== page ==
As for whether or not it distracted the girls from the Toaster Strudel.  In the spirit of being honest I have to say…heck no!  They are kids after all.  What kid would prefer oatmeal, baked or otherwise, over sweet, fattening, frozen pastry?  That said, my oldest said it was good and my youngest ate some.  Since she’s not quite two I take that as a success.  My middle one…well I’m lucky she eats at all so I wasn’t surprised she didn’t eat any.  She said her stomach hurt.  Likely story.

The recipe below is does have some modifications from the original.   I wanted to add a bit more nutrition by adding some ground flax seed.  I also added some cinnamon.  You can also add fruit and nuts.  I decided not too.  I figured the girls would take to it better for the first time without.  This is the full recipe but I halved it with no trouble at all.  Also, try baking in ramekins for individual portions.  I hope you enjoy!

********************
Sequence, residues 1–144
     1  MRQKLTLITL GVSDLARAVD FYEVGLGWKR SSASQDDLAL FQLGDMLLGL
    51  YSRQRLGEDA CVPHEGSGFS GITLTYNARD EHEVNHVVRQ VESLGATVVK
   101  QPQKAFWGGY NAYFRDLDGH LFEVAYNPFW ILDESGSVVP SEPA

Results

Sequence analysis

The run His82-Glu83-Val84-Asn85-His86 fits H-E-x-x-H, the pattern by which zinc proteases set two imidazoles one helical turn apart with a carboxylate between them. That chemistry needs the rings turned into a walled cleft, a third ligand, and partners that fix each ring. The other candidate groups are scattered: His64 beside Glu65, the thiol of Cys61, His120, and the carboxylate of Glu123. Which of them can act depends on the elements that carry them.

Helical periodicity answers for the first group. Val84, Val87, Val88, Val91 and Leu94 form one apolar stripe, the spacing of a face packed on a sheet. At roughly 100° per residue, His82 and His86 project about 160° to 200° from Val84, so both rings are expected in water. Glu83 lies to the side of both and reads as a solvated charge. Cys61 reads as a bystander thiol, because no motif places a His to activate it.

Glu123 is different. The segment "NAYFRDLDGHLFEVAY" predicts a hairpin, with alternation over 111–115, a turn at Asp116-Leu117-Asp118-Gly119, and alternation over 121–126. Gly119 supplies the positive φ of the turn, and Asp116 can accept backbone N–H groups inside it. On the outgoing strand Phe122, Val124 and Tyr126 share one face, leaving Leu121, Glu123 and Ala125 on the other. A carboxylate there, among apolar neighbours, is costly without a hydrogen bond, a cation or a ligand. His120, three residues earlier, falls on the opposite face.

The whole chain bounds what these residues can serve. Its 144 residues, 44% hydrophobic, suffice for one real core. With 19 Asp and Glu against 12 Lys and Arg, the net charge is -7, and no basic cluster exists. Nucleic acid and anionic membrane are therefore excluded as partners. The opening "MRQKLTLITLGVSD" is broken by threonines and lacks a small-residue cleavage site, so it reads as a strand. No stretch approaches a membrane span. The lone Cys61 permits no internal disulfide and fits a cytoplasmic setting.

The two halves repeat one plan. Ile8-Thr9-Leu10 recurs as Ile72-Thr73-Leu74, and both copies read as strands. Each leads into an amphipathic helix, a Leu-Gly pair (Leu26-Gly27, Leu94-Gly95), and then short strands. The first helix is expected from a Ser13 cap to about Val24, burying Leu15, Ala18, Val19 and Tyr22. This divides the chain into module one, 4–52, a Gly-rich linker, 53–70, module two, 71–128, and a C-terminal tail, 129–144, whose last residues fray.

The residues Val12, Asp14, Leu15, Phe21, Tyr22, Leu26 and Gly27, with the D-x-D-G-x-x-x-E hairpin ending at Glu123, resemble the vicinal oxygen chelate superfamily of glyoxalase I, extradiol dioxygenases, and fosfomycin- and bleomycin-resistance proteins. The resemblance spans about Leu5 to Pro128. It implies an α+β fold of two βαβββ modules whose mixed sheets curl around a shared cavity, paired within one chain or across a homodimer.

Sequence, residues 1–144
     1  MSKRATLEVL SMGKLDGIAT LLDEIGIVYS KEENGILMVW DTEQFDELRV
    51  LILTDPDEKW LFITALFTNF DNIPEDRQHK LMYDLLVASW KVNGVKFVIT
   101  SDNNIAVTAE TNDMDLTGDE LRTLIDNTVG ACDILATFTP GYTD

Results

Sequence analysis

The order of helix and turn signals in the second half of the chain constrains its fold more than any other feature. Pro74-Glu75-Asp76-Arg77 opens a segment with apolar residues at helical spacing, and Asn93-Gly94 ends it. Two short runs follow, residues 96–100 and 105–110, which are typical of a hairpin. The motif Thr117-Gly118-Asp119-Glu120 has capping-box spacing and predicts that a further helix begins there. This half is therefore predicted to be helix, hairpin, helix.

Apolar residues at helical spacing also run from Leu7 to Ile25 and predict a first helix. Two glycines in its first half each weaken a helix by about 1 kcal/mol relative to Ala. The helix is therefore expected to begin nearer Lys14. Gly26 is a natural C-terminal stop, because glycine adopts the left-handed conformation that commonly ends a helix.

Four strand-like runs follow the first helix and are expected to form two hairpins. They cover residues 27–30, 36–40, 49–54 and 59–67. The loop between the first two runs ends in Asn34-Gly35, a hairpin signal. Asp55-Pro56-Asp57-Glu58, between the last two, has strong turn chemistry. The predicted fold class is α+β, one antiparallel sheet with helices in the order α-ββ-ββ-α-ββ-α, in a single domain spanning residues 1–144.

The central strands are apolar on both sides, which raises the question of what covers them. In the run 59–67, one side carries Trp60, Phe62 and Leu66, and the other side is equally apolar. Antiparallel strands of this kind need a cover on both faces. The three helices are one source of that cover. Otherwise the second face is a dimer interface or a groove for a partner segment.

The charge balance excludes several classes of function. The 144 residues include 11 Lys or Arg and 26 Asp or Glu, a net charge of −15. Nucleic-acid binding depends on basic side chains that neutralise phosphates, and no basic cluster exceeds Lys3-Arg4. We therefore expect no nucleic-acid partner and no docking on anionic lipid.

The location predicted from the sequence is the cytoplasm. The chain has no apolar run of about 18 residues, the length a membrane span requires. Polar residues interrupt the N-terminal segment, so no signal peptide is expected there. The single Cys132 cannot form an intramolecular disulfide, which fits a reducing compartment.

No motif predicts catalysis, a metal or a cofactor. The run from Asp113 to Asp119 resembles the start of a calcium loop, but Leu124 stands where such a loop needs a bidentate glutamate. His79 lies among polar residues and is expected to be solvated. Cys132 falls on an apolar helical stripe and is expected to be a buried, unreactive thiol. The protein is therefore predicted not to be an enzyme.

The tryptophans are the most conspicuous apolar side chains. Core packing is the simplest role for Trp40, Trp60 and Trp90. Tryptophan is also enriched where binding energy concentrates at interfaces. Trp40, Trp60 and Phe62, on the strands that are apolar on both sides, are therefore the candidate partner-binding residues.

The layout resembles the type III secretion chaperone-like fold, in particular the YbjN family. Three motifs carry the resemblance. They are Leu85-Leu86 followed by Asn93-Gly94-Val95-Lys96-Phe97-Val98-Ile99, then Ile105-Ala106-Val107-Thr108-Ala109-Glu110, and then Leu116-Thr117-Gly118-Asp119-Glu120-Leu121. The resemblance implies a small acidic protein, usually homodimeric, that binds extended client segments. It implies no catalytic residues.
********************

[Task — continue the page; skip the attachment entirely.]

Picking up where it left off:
Baked Oatmeal

3 cups oatmeal

3/4 cup brown sugar

1/2 cup melted butter

2 eggs, beaten

2 cups milk

1 teaspoon cinnamon

2 tablespoons ground flax seed

2 teaspoons baking powder

1 teaspoon salt

Mix all the ingredients together.  Pour into a greased 13 x 9-inch buttered pan.  Bake 375 degrees for 25 mintues.

Easy peasy

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Homemade Granola June 24, 2009

Filed under: Uncategorized — amynb2008 @ 3:32 pm

Last year I decided to give up all processed foods.  While I was really into it and fully behind the idea that fresh is best, it was a bit too time consuming for a mom of three.  Baking homemade bagels, hot dog buns, and yogurt was fun but not exactly convenient.  I still think fresh is best but there is something to be said for quick.